Somewhere in Kenya, a family might just see an increase in the portion of ugali in their sufuria due to resumption of learning tomorrow.
Those selling textbooks and uniforms, for instance, are making a kill as parents prepare for re-opening of schools after almost 10 months of forced closure by the coronavirus pandemic.
The shutdown of the education eco-system led to thousands of private school teachers going without a pay cheque, but there is hope that many of them will now get their jobs back.
It also means extra income for that boda boda rider who now sees an expansion in the pool of customers as children move from their homes to school.
The transport sector, including matatus, will be buoyed by a resumption in learning. More petrol will be consumed as school buses roar back to life - and this does not only mean more income to petrol stations, but also to the government.
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For eight months, small towns that had been powered by institutions of learning have been quiet and hostels, restaurants and pubs experienced huge declines in business.
Because of the critical role that the education sector holds in rebooting the country’s economy from the damage of Covid-19, President Uhuru Kenyatta’s administration plans to roll out a Sh386 billion package that will seep into almost every sector of the economy.
And the money will not only go to the conventional beneficiaries of the education supply chain such as farmers, teachers, bookshops and publishers. There will be new actors such as counsellors, dealers in sanitisers and computers and ICT service providers. A big chunk of the money, Sh152.1 billion, will support the free day secondary school programme.
Universities will also receive a significant Sh103.3 billion for admission of undergraduate students.
In the Post Covid-19 Economic Recovery Strategy, in which the government plans to spend close to Sh930 billion to stimulate the economy, Treasury noted that the prolonged closure of learning institutions had exposed children to social isolation and stigma, child labour, drug and substance abuse, early marriage and other forms of abuse.
The closure has also increased inequality due to inability of parents to facilitate distance home schooling, Treasury said.
“At the same time, a number of private schools have not been able to meet their financial obligations with a possibility of some closing down and others laying off staff hence affecting the primary to secondary school transition rate,” it said.
The government has sought to remedy the situation by putting together a stimulus package that will have a multiplier effect on other sectors such as health, retail, ICT and agriculture.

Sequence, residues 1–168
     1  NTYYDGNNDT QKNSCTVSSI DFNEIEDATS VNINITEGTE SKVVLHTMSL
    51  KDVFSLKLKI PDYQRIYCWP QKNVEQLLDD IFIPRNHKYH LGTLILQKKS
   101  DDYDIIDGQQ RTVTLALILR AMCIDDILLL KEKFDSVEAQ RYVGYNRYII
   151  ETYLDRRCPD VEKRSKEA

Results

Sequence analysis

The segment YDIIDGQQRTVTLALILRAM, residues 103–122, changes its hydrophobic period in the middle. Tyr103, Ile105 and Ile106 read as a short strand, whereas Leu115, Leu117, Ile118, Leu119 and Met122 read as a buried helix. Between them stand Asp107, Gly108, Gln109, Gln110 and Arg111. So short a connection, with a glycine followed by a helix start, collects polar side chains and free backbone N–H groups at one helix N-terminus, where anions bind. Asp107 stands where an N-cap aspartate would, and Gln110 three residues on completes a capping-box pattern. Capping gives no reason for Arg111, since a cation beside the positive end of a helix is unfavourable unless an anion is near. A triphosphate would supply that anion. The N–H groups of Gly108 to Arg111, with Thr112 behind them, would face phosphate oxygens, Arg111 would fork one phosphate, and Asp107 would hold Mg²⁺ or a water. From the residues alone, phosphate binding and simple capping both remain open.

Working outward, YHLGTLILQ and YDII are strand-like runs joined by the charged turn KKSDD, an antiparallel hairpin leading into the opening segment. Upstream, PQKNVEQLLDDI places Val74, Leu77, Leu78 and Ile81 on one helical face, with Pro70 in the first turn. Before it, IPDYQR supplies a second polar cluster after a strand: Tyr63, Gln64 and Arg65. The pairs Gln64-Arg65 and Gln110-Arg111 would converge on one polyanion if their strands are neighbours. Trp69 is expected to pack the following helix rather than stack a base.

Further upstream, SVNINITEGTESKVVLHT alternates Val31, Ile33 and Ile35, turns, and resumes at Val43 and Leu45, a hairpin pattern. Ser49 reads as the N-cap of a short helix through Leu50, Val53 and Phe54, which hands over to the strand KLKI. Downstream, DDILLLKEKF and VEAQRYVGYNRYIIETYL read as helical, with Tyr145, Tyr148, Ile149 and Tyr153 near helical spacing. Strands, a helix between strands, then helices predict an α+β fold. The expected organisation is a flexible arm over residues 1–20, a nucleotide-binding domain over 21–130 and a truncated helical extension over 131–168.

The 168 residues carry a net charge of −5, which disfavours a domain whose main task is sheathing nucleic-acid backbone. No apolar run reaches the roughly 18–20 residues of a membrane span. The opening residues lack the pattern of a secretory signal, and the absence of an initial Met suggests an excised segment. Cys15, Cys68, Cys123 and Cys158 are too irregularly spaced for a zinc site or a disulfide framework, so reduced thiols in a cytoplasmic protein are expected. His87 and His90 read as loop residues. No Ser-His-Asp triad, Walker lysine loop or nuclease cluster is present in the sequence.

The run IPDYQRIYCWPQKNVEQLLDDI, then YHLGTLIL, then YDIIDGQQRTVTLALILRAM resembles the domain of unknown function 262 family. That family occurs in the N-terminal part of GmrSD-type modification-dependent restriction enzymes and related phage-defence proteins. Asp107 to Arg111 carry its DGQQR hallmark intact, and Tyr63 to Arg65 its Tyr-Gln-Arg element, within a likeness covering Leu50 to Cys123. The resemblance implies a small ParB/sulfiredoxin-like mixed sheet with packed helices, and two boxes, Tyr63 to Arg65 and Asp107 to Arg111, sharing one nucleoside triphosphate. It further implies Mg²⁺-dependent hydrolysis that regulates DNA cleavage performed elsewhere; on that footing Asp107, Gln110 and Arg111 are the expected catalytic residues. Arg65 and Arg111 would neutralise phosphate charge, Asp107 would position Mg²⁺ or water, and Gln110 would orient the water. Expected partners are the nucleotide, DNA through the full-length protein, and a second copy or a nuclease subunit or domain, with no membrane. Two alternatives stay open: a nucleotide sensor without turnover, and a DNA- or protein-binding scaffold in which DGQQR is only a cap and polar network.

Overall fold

The World Bank, in its latest Kenya Economic Update, projected that the economy would contract by one per cent in 2020 in the baseline scenario, and by 1.5 per cent in a more adverse scenario.
This was a downgrade from an earlier projection of 1.5 per cent growth, and it was mostly due to nearly zero output of the education sector following the closure of institutions in March.
But if the education sector contributed to the drop in economic output last year, it will also play a major role in its rebound in 2021, according to the World Bank.
The global lender expects the economy to rebound relatively quickly in 2021, lifting real gross domestic product (GDP) by 6.9 per cent year-on-year.
“A major factor in this strong rebound is the impact on the national accounts of measured education sector output normalising, which is projected to add 2.2 percentage points to real GDP growth next year,” said the World Bank report.
After months of staying at home, all children are expected back to school on Monday. It will not be an easy decision for most parents.
Many are not convinced that their children will be safe. The virus is yet to be vanquished and crowded classrooms are likely to boost it.
The government has promised to ensure compliance with social distance rules in schools and through official documents has hinted at procuring face masks and sanitisers for all children.
Moreover, if the post Covid-19 strategy is anything to go by, a lot of efforts will be put in place to encourage remote learning, with a lot of money being channeled into the development of e-learning materials.
For some parents, the health risk is less of a worry as the struggle to meet the financial cost of sending their children back to school.
Schools have hiked their fees by including arrears from the previous year.